Here are just some of the plastic bottles that have been found from June 2021- August 2021. (Photo Credit: Elizabeth Ott-Bales)

Another large polluter is styrofoam, also known as foamed polystyrene. Polystyrene is made from styrene, a colorless, flammable liquid, which has a sweet odor and is highly volatile. (“Styrene”)


There is evidence of increased risk for cancer with styrene exposure (same link above) which means that tiny amounts of styrene could leach into your hot coffee from a styrofoam cup. (“Styrofoam Facts - Why You May Want to Bring Your Own Cup.”) In addition to health concerns, styrofoam also does not biodegrade. This means that products will break down into smaller and smaller pieces but will continue to leach small amounts of syrene into the water that it finds itself in after it has been littered. Common confusion arises regarding the recyclability of styrofoam as products are often marked with a recyclable symbol with the number “6”, however, there are very few recycling centers across the country that accept styrofoam for recycling due to it not being clean enough. (“Styrofoam Bans: What You Need to Know.”) If styrofoam is placed in curbside recycling it has the potential to cause an entire load of recycling material to be rejected as styrofoam is considered an unacceptable material. (“Is Styrofoam ™ Recyclable?”) Many places in the United States have already placed bans on styrofoam which has significantly reduced litter in those locations.


Time to Reprogram our Minds

If you do a deep dive into the impacts of plastic and styrofoam production it becomes clear that they are not sustainable materials as they do not safely nor effectively break down. With the impacts of climate change ever increasing, the need for healthy wetland ecosystems, like the Rosewood Nature Study Area, is more important than ever. In return, it is also more important than ever that we reduce the opportunity to litter these toxic items. Without a reduction in litter and pollution, natural systems will soon be overwhelmed. So what do we do?


We, as a species, need to rethink and reprogram our minds to lessen pollution. What if our default was that trash wasn’t an option? What if we choose to have a world with significantly less waste and pollution? Take for example plastic and styrofoam litter, how do we stop it? Well, we could do a massive campaign and charge fines, but that already happens. So next step: ban the use of them, force companies to rethink their model and do not accept anything less than a cleaner future. This will be a battle, but one worth fighting.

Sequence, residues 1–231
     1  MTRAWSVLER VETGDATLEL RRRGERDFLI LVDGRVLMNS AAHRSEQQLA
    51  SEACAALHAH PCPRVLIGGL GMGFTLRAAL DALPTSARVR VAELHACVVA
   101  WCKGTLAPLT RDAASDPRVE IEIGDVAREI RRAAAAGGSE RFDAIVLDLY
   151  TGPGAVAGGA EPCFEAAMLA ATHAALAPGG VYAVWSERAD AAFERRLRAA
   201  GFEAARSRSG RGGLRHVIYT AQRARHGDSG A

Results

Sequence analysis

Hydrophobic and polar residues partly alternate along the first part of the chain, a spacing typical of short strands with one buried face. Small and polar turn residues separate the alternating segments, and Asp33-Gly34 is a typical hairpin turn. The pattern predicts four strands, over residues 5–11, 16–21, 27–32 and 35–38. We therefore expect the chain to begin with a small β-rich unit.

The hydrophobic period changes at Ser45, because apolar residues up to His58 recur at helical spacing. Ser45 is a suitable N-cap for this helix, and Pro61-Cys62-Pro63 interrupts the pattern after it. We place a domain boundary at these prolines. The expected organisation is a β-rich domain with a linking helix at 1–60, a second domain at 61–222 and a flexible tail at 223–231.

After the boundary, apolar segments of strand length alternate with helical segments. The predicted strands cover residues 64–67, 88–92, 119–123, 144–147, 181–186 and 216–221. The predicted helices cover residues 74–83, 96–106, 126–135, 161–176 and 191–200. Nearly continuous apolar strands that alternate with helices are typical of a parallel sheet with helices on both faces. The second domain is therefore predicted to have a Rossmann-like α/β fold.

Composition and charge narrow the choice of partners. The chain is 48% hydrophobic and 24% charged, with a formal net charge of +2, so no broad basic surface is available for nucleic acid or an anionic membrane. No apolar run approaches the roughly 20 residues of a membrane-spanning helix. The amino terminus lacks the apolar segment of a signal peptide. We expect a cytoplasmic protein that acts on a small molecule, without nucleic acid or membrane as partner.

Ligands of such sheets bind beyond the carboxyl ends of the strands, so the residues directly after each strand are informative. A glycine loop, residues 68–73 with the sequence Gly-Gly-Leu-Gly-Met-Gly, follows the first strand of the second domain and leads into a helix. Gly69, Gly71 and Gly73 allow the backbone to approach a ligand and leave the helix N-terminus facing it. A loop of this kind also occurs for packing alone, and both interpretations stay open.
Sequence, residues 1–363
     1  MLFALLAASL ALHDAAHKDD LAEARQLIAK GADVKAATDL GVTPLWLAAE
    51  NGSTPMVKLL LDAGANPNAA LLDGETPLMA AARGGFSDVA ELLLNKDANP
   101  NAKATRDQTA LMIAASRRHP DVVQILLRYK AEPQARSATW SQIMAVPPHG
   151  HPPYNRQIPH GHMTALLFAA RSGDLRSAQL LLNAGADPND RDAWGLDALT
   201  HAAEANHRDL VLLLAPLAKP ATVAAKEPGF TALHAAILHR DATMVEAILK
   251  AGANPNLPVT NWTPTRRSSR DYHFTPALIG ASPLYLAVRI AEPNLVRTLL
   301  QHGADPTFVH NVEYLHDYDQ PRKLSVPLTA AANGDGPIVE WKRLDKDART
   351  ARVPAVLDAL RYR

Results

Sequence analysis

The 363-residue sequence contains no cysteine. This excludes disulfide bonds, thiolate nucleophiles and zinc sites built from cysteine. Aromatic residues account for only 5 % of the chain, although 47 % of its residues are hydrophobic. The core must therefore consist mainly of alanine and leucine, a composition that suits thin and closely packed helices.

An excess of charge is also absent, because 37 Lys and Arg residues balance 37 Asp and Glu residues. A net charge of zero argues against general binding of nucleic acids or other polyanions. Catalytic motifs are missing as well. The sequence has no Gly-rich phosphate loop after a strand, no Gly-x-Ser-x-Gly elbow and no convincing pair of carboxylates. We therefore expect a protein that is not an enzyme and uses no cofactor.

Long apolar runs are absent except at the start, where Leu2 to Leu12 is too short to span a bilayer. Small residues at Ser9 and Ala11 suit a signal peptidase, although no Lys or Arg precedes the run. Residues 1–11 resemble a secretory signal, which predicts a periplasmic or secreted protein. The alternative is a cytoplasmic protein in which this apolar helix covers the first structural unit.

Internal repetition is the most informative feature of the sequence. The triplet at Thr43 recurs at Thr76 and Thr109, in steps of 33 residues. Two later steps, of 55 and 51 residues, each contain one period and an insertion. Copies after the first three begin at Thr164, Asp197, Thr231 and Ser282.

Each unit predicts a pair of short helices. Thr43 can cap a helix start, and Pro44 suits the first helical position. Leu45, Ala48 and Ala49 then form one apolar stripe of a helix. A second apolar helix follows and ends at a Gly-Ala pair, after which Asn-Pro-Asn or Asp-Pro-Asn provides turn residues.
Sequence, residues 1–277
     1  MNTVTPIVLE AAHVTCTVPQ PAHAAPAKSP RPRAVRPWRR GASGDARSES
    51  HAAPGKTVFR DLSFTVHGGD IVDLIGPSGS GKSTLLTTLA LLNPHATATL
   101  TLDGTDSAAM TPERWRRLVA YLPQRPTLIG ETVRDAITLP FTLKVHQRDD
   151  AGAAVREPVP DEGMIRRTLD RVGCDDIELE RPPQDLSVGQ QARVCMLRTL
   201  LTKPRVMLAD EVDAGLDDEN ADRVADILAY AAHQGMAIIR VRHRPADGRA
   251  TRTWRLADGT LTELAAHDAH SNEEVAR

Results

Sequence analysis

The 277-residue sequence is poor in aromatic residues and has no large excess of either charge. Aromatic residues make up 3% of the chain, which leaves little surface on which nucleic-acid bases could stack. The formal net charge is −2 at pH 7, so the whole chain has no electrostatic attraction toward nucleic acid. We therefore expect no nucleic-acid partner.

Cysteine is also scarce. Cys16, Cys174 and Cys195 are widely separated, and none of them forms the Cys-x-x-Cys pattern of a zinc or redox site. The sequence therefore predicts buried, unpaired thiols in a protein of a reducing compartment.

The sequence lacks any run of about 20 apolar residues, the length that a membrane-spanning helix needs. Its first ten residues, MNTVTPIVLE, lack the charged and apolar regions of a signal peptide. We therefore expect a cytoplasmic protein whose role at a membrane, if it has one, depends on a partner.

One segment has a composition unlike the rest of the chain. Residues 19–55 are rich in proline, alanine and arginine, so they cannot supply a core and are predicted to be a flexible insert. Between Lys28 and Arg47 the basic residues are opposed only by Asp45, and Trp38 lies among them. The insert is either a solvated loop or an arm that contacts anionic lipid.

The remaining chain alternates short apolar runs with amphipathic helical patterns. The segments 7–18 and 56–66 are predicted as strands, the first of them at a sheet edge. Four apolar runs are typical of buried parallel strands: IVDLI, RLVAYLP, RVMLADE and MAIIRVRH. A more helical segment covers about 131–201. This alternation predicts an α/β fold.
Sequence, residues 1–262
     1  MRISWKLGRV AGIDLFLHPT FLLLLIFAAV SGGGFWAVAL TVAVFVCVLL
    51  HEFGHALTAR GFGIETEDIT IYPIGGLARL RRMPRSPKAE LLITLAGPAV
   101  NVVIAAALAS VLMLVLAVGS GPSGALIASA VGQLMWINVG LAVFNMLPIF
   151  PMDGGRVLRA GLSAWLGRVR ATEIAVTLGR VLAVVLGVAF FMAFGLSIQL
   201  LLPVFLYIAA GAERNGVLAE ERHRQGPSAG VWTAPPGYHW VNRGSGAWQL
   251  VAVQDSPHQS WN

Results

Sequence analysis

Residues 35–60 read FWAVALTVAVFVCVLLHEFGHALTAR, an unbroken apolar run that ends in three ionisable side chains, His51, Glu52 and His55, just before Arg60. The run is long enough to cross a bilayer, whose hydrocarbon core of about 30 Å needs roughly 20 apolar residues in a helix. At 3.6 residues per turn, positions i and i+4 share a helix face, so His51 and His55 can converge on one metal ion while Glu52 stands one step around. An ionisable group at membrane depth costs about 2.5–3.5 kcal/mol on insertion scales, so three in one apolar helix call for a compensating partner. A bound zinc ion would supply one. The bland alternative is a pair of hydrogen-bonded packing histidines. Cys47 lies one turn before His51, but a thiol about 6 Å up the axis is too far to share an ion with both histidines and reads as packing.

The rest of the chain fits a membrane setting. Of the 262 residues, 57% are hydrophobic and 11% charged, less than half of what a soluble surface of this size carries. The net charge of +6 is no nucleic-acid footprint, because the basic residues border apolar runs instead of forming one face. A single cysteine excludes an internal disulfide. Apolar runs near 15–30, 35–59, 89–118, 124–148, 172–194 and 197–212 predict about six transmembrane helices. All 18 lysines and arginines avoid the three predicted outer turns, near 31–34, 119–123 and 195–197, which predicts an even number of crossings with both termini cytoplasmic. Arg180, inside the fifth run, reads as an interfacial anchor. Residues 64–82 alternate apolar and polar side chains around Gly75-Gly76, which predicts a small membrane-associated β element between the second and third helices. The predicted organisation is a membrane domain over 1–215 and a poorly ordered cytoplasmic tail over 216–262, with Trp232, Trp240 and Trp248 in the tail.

The first step is on an individual level: say no to plastic bottles. Retrain yourself to a new normal where you do not acknowledge the existence of plastic bottles as an option. Start small and together we will grow and learn to expect a world without pollution. Live your life by the 5 R’s (Refuse, Reduce, Reuse, Recycle, Rot) and we might just cleanse our minds and our world of litter.


The 5 R's infographic (Credit: Unsustainable Magazine)

To find out more about the current projects of the Rosewood Nature Study Area come visit us at 6800 Pembroke Drive, Sparks, NV.





Works Cited:

  1. Keep America Beautiful. “Litter in America: Fact Sheet- Littering Overview.” Keep America Beautiful, 2019,https://kab.org/wp-content/uploads/2019/11/LitterinAmerica_FactSheet_LitterOverview.pdf Accessed 11 Aug. 2021.

  2. Keep America Beautiful. “Litter in America: Fact Sheet- Littering Overview.” Keep America Beautiful, 2019,https://kab.org/wp-content/uploads/2019/11/LitterinAmerica_FactSheet_LitterOverview.pdf Accessed 11 Aug. 2021.

  3. “LitterBirds - Plastic Pollution” Urban Bird Foundation l Birds. People. Communities., urbanbird.org/our-work/programs/plastic-pollution/. Accessed 10 Aug. 2021.

  4. “Styrene.” National Institute of Environmental Health Sciences, 2018, https://www.niehs.nih.gov/health/topics/agents/styrene/index.cfm Accessed 09 Aug. 2021

  5. “Styrofoam Facts - Why You May Want to Bring Your Own Cup.” SEJ, 10 Apr. 2019, https://www.sej.org/publications/backgrounders/styrofoam-facts-why-you-may-want-bring-your-own-cup Accessed 09 Aug. 2021.

  6. “Styrofoam Bans: What You Need to Know.” Green Paper Products - Blog, https://blog.greenpaperproducts.com/blog/styrofoam-ban Accessed 10 Aug. 2021.

  7. “Is Styrofoam ™ Recyclable?” Communities for Recycling. 16 May 2019, https://recyclingpartnership.org/communitiesforrecycling/is-styrofoam-recyclable/ Accessed 12 Aug. 2021.

  8. 5 R's Infographic courtesy of: https://www.unsustainablemagazine.com/the-5-rs-of-zero-waste-living/